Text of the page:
While the central bank believes a retail CBDC is not currently needed, Senior Deputy Governor Carolyn Rogers said, “As Canada’s central bank, we want to make sure everyone can always take part in our country’s economy. That means being ready for whatever the future holds.”
It elaborated on two potential motivations for a CBDC. One is where cash use declines to such an extent that it’s no longer accepted, which could financially exclude groups of people.
The other is around maintaining monetary sovereignty. As a neighbor to the United States, there’s some risk it becomes dollarized, whether through a CBDC or a U.S. dollar stablecoin. Although the U.S. wasn’t explicitly referenced, it mentioned the possibility of a cryptocurrency or foreign CBDC becoming widely used within Canada, potentially impacting its financial stability. This is a concern it’s held for some time.
Rogers continued, “We want to hear from Canadians about what they value most in the design of a digital dollar. This will help us make design choices and ensure that it is secure, reliable and meets the needs of Canadians.”
One of the challenges for all CBDCs is private competition. There are plenty of digital payment alternatives, so the Bank of Canada wants to know how people want to use a CBDC, which security features are important, and the sticky issue of privacy.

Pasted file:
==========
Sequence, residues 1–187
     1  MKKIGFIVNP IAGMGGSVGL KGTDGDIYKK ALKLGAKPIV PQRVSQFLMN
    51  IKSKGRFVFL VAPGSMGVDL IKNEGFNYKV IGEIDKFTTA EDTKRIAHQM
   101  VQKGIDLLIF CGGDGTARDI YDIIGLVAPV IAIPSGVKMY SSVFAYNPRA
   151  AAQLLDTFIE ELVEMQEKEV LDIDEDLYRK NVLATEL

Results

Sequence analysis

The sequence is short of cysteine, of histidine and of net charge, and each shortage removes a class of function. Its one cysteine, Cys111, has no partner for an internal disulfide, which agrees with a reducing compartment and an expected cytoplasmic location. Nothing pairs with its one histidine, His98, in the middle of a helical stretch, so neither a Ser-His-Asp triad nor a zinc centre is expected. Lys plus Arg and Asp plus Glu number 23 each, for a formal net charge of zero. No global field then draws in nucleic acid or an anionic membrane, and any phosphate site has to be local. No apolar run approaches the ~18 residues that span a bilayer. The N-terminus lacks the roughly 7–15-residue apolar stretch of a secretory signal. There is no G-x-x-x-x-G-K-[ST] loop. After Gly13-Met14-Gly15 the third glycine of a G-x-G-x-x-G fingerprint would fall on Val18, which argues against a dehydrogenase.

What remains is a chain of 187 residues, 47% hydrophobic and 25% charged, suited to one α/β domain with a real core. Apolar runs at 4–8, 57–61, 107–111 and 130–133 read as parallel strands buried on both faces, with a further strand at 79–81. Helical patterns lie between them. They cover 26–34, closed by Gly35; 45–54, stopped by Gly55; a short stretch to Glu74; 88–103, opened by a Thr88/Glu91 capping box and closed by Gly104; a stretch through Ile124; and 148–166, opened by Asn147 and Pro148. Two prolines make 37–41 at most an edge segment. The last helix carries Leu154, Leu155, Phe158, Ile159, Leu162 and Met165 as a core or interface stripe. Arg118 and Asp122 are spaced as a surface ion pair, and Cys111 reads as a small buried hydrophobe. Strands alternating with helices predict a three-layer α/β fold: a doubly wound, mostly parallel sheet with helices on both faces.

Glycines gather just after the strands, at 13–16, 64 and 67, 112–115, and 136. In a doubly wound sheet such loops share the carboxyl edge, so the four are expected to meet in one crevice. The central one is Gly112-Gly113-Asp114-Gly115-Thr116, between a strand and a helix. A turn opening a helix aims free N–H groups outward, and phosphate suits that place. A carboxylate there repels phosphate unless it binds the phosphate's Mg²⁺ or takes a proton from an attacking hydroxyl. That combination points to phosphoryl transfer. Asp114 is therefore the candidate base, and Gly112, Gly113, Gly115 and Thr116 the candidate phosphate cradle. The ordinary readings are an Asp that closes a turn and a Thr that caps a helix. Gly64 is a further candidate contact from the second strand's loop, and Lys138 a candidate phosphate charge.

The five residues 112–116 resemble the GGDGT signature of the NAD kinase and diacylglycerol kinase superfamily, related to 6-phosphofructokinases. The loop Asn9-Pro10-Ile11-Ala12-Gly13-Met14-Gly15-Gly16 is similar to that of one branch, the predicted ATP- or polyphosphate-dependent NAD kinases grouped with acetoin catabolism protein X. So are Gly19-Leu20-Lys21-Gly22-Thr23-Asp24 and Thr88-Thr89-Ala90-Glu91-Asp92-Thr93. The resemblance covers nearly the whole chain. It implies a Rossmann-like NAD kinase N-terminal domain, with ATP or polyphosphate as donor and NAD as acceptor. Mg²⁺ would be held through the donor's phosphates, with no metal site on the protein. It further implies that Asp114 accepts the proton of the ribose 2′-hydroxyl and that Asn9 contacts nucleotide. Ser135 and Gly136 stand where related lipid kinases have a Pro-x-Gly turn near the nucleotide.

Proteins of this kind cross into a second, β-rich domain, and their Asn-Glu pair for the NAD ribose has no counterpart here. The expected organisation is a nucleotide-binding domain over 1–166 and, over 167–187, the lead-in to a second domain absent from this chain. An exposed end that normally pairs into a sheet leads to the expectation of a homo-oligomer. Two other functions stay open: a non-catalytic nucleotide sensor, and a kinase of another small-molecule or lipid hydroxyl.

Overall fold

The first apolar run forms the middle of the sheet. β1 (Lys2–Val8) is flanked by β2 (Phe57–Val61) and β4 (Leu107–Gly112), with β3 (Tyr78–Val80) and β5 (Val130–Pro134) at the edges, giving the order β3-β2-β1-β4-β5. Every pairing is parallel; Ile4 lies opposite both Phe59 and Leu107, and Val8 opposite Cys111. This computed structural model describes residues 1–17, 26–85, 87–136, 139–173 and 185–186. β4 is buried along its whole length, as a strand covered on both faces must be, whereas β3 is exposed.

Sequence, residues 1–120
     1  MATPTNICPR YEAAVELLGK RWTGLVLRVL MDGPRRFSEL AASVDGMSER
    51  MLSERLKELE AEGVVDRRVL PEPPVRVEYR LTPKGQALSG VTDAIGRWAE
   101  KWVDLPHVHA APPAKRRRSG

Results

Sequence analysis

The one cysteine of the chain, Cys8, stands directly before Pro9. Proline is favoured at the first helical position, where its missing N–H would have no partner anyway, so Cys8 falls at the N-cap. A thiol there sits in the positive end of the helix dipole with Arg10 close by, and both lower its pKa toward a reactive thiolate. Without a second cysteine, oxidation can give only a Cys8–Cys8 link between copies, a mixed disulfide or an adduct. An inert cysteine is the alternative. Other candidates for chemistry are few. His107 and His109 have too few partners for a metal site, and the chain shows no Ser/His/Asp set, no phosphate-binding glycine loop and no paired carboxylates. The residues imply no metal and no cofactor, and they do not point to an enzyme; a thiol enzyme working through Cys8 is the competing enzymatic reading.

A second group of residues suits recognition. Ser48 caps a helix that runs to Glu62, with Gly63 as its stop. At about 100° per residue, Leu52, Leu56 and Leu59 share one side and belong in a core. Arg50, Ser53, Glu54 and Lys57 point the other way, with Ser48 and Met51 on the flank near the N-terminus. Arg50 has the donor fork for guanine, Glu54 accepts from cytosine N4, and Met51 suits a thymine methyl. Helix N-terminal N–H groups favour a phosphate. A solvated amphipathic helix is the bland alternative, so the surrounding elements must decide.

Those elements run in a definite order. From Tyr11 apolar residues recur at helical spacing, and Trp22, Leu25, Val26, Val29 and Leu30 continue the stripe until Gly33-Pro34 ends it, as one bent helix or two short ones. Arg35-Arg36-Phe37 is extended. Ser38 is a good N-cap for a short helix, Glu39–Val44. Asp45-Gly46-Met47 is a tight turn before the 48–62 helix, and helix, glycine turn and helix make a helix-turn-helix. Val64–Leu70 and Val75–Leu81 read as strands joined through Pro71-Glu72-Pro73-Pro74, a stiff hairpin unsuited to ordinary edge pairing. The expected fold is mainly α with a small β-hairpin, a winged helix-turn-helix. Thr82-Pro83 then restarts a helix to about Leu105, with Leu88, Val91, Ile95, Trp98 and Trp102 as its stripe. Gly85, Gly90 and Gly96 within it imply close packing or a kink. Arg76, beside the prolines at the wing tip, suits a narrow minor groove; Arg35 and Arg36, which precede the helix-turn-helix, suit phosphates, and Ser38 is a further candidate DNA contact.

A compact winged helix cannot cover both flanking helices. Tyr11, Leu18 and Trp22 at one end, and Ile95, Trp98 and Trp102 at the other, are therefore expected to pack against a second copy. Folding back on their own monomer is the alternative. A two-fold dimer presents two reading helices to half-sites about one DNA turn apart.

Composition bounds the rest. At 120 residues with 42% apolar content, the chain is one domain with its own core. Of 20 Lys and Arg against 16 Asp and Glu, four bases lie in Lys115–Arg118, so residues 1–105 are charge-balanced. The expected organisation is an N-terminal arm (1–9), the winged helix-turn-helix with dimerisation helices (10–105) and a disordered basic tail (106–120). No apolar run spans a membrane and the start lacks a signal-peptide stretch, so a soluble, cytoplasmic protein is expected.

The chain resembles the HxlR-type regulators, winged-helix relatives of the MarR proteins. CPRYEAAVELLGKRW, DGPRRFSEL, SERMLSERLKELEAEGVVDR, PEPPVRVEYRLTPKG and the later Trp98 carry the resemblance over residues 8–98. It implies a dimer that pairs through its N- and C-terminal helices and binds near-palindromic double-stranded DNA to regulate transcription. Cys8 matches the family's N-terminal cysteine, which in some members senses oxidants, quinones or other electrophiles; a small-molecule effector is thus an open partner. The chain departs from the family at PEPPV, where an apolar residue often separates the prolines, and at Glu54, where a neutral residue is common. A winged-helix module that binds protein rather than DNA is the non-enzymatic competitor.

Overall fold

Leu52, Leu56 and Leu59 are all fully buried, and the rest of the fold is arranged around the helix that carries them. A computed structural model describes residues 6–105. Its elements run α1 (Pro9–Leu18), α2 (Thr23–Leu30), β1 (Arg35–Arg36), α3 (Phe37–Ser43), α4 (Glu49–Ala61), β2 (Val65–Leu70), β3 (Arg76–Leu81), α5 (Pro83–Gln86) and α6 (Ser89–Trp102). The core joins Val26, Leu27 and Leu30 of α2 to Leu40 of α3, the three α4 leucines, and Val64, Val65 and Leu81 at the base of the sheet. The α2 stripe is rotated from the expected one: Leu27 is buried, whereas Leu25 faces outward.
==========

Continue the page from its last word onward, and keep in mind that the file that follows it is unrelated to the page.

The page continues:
The MIT Media Lab Digital Currency Initiative has been working with the central bank as part of its research work. The central bank has also published several papers on topics such as the types of offline usage of a CBDC and CBDC storage.
While many central banks became interested in CBDC after Facebook unveiled plans for its Libra digital currency, by then, Canada already had multiple initiatives under its belt. These included Project Jasper for securities settlement and cross broder payments with Singapore as part of Project Ubin.